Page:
Mindfulness & Music

I recently came across an article at mindful.org with some ideas that seem relevant to these busier seasons.

Sociologist Dr. Christine Carter created the chart below highlighting 3 myths Americans often belief and the truth about them. These truths are highly relevant to learning piano—or anything!

doingless

Practicing is what students are generally spending the majority of their time at the piano doing. If practicing feels dull and joyless—and non-productive!—then piano will likely feel that way as well. From the perspective of children, chronic negative experiences become like a dark cloud overhead, threatening a downpour, but beyond their power to change.

Clearing the skies, so to speak, can change how one feels about practicing. When I learned to focus do one thing at a time when I practice—to have a short-term, achievable goal and work towards it—practicing was full of little successes. Learning to do the right amount—the MED—was also helpful. Part of that was learning to take the right medication, so to speak. The clouds over practicing are fed by ineffective practice. Focusing on a single goal with the constant aim of achieving each goal effectively is part of what can make us become absorbed. Through doing these things, I became absorbed in practicing, and the skies were clear & sunny.

beachpianoIt is apparent, however, that playing the piano—as opposed to practicing—is an important part of learning piano. Whether it’s playing pieces we already know, making up things, exploring sounds or rhythms or just listening—playing is a piano student’s version of wasting time: Time spent with the piano/music not practicing. The truth is, play is important for kids. The late, great Fred Rogers (AKA Mr. Rogers) went so far as to assert, “…for children play is serious learning. Play is really the work of childhood.”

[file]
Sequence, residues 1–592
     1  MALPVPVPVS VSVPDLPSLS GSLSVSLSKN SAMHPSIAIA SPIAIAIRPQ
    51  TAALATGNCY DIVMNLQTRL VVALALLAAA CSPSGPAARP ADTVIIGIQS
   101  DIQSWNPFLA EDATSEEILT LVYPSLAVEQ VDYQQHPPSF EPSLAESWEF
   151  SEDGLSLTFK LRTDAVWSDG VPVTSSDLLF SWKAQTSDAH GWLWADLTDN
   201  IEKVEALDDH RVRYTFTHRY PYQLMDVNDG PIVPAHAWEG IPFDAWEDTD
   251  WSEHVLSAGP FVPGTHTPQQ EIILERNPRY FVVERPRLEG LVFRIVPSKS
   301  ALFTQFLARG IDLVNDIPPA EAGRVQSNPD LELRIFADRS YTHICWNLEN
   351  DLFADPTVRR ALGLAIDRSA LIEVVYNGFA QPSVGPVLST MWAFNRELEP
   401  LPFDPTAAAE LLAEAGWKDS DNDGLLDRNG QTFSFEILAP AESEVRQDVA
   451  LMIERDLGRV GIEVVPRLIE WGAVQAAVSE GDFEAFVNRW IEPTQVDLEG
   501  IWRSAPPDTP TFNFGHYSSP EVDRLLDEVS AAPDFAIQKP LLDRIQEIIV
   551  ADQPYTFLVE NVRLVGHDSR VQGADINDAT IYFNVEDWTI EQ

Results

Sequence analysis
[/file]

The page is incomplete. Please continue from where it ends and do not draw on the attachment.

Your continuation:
My desire for my students is that their time at the piano is effective and absorbing when it’s practicing, but is sometimes just play. After all, musicians “play” music. And for us it is, indeed, play. Our practice determines how much fun we can have. Yet, without the playing part, practice would lose its purpose. With time spent both practicing effectively and just playing, we can keep growing in music and the piano can become to us all it can be; joy, expression and, when we need it, what it was to Maya Angelou in her difficult times as a child:

Music was my refuge.
I could crawl into the space between the notes
and curl my back to loneliness.

~ Maya Angelou ~

 

When we discover how music can speak to us—and how we can speak with it—it becomes something we never want to stop doing.

 

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